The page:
The study found that Spain had the highest health grade, followed by Italy, Iceland, Japan, and Switzerland. Japan also had the highest life expectancy, 84.2 years, followed by Switzerland, 83.5 years. The sleep time of all five of these countries averaged just under seven hours. (More evidence that it’s actually not essential to get 8 hours of sleep per night.) Conversely, looking at the data from countries with lower health grades (like, ahem, the United States, which ranks 30th for its health grade and 28th for life expectancy) shows that getting more sleep doesn’t necessarily mean better health.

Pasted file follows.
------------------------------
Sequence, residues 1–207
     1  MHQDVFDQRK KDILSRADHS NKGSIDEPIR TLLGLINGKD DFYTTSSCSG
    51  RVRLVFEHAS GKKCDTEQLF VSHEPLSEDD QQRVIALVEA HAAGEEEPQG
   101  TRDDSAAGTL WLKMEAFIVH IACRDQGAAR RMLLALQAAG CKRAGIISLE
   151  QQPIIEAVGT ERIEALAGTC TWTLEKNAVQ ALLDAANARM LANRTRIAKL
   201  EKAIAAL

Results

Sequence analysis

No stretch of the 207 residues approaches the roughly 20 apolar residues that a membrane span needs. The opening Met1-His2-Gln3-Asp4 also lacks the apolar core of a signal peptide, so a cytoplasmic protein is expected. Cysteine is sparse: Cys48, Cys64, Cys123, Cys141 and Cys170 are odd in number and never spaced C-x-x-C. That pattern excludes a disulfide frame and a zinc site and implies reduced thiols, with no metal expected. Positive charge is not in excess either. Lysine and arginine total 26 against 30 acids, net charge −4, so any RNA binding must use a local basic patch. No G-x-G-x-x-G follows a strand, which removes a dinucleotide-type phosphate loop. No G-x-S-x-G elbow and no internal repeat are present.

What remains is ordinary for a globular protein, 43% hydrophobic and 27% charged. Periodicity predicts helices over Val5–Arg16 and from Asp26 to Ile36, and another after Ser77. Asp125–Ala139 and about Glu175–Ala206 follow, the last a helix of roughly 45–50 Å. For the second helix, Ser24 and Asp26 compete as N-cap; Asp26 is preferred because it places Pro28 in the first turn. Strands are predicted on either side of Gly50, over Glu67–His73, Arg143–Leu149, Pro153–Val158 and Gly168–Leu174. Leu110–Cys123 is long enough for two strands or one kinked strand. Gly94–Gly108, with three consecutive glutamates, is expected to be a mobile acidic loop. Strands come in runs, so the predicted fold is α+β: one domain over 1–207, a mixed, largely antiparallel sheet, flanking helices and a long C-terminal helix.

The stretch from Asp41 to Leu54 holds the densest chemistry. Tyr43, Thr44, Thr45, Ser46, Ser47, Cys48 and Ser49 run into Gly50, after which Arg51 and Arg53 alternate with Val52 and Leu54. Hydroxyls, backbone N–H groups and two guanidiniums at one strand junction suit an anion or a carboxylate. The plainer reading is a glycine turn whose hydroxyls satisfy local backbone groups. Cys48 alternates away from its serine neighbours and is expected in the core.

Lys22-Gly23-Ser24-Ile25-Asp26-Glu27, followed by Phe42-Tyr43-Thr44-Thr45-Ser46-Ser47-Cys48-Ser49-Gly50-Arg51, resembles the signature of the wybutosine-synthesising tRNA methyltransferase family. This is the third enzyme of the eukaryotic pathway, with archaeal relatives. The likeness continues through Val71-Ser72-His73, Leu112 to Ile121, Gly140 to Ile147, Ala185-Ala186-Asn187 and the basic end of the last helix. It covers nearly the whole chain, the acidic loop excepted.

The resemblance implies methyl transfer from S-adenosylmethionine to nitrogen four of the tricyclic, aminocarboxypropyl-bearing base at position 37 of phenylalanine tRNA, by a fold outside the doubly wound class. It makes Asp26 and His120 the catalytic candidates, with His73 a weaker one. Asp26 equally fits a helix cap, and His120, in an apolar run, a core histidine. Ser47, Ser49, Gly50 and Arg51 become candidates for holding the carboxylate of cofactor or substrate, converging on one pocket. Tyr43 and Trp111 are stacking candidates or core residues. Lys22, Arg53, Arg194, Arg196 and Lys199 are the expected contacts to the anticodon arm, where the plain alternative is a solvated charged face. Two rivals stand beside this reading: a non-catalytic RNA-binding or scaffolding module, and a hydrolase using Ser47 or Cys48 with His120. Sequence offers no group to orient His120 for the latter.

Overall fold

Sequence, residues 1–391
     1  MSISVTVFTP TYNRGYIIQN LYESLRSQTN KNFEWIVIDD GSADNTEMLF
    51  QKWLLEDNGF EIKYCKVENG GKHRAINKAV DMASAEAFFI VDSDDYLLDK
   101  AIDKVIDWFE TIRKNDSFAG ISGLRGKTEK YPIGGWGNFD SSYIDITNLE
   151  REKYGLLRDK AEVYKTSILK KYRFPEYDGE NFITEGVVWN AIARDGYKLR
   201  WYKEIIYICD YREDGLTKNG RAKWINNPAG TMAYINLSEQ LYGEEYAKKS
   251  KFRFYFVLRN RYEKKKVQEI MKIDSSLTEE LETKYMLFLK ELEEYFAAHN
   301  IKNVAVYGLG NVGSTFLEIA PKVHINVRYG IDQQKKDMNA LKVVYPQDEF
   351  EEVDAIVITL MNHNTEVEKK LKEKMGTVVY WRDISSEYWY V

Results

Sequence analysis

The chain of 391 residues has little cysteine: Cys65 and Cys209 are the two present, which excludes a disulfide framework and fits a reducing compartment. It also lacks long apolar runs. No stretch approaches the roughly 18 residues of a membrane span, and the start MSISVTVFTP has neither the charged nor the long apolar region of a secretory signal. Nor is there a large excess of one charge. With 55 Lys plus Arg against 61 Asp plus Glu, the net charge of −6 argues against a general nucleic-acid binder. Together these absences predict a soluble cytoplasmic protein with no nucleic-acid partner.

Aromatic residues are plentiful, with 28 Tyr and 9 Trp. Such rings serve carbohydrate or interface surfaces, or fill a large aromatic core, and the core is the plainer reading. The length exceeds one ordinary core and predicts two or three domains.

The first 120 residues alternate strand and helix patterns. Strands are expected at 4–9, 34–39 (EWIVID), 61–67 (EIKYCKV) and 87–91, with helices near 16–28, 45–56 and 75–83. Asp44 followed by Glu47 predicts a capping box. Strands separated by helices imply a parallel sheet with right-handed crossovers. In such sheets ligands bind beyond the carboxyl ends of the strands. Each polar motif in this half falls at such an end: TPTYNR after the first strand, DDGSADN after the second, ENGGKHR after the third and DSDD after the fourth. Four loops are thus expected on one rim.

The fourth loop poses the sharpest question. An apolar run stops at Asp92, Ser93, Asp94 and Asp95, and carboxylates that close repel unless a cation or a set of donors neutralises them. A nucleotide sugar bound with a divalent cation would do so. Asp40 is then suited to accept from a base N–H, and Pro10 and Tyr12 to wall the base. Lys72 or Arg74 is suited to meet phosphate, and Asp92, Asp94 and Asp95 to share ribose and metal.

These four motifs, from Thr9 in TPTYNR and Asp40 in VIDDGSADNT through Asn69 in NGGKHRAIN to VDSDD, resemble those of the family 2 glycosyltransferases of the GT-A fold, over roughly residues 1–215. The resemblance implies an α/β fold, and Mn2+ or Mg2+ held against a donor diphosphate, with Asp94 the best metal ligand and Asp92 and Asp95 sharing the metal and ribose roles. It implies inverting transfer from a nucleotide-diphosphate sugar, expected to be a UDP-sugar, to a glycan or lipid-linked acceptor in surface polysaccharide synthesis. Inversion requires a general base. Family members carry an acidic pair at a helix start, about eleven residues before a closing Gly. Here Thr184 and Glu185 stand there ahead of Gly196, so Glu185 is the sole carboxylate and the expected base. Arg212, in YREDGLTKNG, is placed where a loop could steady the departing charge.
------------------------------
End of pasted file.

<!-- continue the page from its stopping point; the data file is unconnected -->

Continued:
For instance, the US has an average sleep time of 430 minutes (7 hours and 10 minutes). And Mexico, the country with the lowest life expectancy, actually has the highest average sleep time at 540 minutes or 9 hours—that’s over 100 minutes more than the average of the five countries with the highest health grades.
Bottom line: “Sleep is one of many factors that impact society’s health, and this data shows that it’s not always the case that more sleep equals better health,” a spokesperson from Zoma Sleep said in an email, adding that the data suggests that it’s important to consider that when it comes to quality zzzs, less sometimes really is more.
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